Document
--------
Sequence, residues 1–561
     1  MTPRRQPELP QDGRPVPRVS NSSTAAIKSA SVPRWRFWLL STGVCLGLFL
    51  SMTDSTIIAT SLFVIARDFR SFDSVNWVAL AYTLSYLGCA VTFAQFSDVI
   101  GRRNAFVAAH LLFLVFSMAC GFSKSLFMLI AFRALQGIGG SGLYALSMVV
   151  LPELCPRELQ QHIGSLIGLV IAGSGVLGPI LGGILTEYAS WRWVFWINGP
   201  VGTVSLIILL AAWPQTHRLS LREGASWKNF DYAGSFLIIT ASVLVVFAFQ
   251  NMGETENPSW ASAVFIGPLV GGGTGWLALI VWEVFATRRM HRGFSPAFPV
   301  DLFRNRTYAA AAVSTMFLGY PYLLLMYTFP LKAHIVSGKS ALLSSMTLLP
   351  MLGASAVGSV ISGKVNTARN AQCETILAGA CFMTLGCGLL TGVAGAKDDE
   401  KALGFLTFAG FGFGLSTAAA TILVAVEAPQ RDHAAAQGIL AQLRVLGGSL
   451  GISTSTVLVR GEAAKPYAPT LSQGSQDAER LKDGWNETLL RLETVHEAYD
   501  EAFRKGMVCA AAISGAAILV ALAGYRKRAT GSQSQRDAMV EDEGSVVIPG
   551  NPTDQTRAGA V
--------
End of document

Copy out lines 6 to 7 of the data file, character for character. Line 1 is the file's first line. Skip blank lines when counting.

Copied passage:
   201  VGTVSLIILL AAWPQTHRLS LREGASWKNF DYAGSFLIIT ASVLVVFAFQ
   251  NMGETENPSW ASAVFIGPLV GGGTGWLALI VWEVFATRRM HRGFSPAFPV